A guide to Christmas tree permits.
For many families, venturing into the Custer Gallatin National Forest to cut a Christmas tree is a treasured tradition carried on for generations. For families creating new traditions, a trip to the forest to cut their own Christmas tree may be a thrilling experience as they discover the joy of hiking in search of the perfect holiday centerpiece. With every tree that is found, cut, and carried home as a holiday fixture, a new story is created. These stories become the precious memories that create traditions worth carrying on, and further connect families with their local forests.
Visitors to the Custer Gallatin can head to recreation.gov and receive their Christmas tree permit online. Permits in the Forest Service’s Northern Region are free this year, but there is a nominal fee for using the online platform. If you have used recreation.gov to reserve your favorite cabin, camp, or picnic site, you will simply need to sign into your account. For first time visitors, you will need to set up an account. District offices and vendors in the Custer Gallatin National Forest will continue offering permits as well later this fall.
Visitors can receive up to three Christmas tree permits, and will need to print and display them on the dash of their vehicle on the day of their visit to cut their trees. Don’t forget to read or print the detailed information, including cutting-area maps and motorized-use maps, before heading out.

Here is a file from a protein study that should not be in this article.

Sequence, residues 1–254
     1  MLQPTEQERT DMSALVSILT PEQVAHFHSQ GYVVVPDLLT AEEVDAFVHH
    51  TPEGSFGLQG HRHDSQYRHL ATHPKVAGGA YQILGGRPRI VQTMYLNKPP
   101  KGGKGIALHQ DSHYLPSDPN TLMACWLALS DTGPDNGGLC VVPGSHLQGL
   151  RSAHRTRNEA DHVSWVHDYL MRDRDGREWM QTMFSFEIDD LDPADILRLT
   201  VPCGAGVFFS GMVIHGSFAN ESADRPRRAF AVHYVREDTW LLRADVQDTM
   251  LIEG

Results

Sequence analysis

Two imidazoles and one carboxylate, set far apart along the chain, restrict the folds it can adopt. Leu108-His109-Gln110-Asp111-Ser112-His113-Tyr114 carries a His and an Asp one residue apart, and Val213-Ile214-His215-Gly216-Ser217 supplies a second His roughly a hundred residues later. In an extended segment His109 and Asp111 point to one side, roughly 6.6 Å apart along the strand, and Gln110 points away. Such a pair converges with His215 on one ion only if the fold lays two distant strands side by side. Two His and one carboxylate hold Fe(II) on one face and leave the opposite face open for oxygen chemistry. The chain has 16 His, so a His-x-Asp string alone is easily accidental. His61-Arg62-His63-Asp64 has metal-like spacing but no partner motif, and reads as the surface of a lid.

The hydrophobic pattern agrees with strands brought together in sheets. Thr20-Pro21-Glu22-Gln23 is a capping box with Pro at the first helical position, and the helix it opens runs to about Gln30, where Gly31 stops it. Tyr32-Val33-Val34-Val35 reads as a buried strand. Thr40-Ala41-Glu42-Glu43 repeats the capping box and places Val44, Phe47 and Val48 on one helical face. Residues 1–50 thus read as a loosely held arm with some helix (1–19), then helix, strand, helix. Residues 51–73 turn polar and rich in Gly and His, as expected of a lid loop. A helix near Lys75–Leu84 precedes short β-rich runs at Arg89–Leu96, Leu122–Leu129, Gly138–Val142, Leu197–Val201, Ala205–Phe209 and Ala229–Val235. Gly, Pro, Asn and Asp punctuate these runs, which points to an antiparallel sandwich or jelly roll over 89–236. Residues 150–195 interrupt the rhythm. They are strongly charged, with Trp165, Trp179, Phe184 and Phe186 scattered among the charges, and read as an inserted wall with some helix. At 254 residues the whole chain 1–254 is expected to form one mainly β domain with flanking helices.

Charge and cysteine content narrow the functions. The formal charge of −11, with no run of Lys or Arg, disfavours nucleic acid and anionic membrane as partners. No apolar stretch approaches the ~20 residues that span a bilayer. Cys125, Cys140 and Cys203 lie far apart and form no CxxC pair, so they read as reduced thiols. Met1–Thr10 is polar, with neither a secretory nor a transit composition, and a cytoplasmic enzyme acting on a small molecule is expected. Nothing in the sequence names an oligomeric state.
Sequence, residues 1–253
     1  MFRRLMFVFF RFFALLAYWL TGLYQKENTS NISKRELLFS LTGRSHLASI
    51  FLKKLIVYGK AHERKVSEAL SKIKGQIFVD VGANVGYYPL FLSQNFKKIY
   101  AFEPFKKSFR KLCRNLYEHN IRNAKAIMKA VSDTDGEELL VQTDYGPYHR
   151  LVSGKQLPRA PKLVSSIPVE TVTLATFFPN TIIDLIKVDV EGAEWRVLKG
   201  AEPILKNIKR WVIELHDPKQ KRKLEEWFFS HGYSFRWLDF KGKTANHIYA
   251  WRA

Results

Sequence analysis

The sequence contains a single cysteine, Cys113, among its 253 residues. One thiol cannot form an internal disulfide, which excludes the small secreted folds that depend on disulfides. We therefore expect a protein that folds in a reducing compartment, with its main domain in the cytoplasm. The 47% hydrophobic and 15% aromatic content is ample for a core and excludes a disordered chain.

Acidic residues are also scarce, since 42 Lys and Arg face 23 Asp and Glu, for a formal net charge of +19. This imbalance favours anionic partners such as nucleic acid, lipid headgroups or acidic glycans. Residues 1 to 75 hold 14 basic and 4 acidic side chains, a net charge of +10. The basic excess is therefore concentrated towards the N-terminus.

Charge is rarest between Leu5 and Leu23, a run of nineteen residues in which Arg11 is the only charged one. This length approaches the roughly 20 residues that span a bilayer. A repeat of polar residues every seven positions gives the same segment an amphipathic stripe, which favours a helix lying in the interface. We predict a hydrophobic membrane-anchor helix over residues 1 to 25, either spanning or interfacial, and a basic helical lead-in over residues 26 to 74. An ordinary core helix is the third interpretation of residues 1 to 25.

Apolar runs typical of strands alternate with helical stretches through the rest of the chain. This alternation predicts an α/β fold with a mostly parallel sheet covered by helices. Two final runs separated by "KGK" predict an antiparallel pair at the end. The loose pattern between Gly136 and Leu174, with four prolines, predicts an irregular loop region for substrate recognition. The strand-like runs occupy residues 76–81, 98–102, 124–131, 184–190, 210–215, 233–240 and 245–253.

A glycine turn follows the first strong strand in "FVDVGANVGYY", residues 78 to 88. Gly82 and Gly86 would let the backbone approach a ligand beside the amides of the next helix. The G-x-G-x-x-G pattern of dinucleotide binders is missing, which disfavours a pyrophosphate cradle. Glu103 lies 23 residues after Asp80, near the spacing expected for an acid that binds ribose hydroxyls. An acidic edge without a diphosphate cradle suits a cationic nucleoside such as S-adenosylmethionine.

All fourth graders, or age equivalent, can also obtain a free holiday tree permit. To learn how, first visit everykidoutdoors.gov for an Every Kid Outdoors pass, or call your local ranger district office.
Most areas in the Custer Gallatin are open, but users will want to avoid developed recreation sites such as campgrounds, trailheads, day-use sites, active timber sales, and designated wilderness areas, including the Lee Metcalf and Absaroka-Beartooth.
Know Before You Go
Once you have your permit, be prepared for weather and road conditions that might make travel difficult.
Be aware of the areas that are approved for tree-cutting, which are designated by the local office and part of the information provided when you purchase a permit.
Permits will not be transferred or replaced if stolen, lost, or damaged.
Permits must be printed and displayed on your dashboard during your trip to the forest.
Marna Daley is the public affairs officer for the Custer Gallatin National Forest.